What female leaders, either historically or now, inspire you?
Shelly Sahani: Unfortunately, there weren’t many people in technology that looked like me when I was growing up, but I don’t think that’s true anymore. There are a lot of women I admire in the industry. Rinki Sethi, who leads bill.com as their VP and chief information security officer (CISO), is one of them. It’s fantastic to see someone who looks like me in an executive position in my industry.
Within Tanium, Barby Fernicola, AVP, technical account management has been impactful in my career. She and I started at Tanium at the same time, in the same role. It’s been great to be able to bounce ideas around and grow together. Now we are in completely different roles and parts of the organization, but I strongly value Barby and our friendship.
Has mentorship played a role in your Tanium career?
Shelly Sahani: It’s important to have mentors that understand what you’re working on. Hearing the perspective of a mentor who understands your challenges can make a world of difference. Mentors can guide you toward career-making moves so that you avoid career-breaking ones.
It’s important to have somebody that you can trust and speak openly to – regardless of gender. Garreth Jeremiah, sr. director, technical product management, who has been my mentor for many years, has done that for me. Garreth takes the time to recognize everyone’s efforts, and learning from his experiences has been invaluable.
What advice would you give to women looking to advance in technology or cyber roles?
Shelly Sahani: My advice is to try different things. Explore roles, solve a variety of problems, work with different kinds of people, find new ways to communicate, and learn a variety of technologies. You have to discover what you like before you can carve out your best future path.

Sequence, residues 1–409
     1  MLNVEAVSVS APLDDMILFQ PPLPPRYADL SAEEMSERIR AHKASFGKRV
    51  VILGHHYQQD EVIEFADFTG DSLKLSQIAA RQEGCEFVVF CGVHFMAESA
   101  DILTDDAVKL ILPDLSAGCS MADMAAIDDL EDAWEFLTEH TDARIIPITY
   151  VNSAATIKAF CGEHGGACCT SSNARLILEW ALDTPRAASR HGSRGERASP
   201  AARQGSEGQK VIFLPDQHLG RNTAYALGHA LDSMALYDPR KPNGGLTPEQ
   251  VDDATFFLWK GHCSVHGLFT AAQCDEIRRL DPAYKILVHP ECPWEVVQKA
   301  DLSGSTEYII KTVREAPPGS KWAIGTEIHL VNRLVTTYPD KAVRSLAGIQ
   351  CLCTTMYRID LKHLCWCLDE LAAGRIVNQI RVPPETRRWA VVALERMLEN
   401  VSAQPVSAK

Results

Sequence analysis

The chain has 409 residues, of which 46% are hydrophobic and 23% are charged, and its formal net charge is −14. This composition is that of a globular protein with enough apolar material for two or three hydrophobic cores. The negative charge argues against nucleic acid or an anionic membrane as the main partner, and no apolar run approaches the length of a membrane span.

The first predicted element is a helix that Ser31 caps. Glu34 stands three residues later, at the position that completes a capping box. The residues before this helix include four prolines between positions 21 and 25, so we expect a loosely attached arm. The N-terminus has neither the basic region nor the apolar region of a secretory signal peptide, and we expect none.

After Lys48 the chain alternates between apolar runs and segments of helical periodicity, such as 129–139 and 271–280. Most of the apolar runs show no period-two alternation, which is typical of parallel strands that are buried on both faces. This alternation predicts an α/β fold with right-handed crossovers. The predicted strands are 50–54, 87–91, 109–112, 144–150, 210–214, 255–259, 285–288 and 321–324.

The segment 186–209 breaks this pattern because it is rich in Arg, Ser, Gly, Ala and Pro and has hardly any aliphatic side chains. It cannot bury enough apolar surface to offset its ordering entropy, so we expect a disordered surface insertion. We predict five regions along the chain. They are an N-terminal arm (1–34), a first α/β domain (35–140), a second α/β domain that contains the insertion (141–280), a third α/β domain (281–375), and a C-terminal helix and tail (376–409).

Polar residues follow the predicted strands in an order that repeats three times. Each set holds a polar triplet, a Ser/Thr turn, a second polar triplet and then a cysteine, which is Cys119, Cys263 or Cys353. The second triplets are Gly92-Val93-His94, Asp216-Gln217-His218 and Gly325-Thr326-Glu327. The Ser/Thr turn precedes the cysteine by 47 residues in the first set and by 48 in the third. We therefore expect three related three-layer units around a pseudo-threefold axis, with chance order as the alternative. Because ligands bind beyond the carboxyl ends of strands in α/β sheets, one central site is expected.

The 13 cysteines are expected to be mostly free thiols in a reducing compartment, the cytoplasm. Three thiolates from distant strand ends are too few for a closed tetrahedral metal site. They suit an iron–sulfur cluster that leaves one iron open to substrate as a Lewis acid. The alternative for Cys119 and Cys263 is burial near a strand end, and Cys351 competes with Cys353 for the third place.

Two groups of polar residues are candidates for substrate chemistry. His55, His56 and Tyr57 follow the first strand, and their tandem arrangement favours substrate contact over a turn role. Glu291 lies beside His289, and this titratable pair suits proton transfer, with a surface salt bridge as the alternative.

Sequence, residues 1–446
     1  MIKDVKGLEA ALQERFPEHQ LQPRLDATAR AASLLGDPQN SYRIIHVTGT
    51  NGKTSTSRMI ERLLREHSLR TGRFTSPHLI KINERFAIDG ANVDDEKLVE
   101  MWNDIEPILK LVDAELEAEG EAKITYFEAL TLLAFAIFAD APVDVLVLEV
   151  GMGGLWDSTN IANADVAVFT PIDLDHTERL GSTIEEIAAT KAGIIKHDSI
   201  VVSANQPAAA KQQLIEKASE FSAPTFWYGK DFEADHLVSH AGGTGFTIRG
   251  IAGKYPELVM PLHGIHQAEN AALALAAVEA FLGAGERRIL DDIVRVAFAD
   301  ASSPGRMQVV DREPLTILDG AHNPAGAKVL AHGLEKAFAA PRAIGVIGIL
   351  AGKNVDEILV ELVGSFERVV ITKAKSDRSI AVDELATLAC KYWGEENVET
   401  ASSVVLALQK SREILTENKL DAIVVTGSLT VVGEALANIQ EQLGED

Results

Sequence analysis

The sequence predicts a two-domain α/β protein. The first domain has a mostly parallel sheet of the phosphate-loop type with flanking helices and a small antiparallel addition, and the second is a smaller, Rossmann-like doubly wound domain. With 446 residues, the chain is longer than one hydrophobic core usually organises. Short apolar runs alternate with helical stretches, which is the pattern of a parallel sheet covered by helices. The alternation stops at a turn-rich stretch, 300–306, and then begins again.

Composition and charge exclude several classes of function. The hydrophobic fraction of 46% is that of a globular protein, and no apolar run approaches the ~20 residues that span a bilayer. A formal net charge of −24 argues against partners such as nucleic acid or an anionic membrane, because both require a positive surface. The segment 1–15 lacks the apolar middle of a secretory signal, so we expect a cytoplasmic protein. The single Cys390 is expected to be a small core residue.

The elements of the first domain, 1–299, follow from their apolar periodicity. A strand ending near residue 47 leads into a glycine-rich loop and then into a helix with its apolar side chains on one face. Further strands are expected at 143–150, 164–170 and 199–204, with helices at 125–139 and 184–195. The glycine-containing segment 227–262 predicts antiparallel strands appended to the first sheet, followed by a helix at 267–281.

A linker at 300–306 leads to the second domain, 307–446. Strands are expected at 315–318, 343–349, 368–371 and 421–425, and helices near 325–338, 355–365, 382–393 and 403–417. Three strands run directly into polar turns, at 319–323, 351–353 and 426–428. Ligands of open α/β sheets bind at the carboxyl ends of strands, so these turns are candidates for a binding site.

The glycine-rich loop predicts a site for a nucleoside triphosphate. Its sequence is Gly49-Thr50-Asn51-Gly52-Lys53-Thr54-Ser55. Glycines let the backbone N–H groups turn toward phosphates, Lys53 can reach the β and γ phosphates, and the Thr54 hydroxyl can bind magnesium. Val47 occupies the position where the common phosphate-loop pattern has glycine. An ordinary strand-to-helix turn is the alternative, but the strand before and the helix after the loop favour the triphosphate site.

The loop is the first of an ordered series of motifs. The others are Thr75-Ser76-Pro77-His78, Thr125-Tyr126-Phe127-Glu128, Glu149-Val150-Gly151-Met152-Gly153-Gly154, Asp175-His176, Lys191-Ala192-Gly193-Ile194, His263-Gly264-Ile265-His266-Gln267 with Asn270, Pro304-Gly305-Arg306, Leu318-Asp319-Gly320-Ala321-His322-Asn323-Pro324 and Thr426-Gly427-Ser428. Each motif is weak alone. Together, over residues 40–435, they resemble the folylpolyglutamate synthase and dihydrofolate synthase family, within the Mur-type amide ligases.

If I hadn’t tried different things early on, I wouldn’t have known where to go. Nobody else can tell you what you should do. It has to come from within. You won’t be successful in all of the things you try. But you’ll learn what you like and, more importantly, what you don’t like.
How can we foster greater equity and inclusion for women in the industry?
Shelly Sahani: Women need to have a voice. For every public event that we do, every outreach event that we do, our representatives should reflect the diversity of people that we would like to have in our company. Otherwise, we’re going to attract not just like-minded but like individuals. We need to present what we want to attract and showcase people from all walks of life. We should also take opportunities to share different voices and represent them.
We all need to be open and willing to listen to diverse opinions from diverse backgrounds if we want to arrive at the right solutions. When managing products, you don’t just want a fast solution. You first want to understand the problem and what trade-offs exist for the viable solutions. Only then can you move forward with the right way to solve the problem. That’s the one that will help you grow.
“Inside Tanium” is part of a series that highlights the people and culture of Tanium. To learn more about Tanium and explore our range of career opportunities, visit our Tanium Careers page.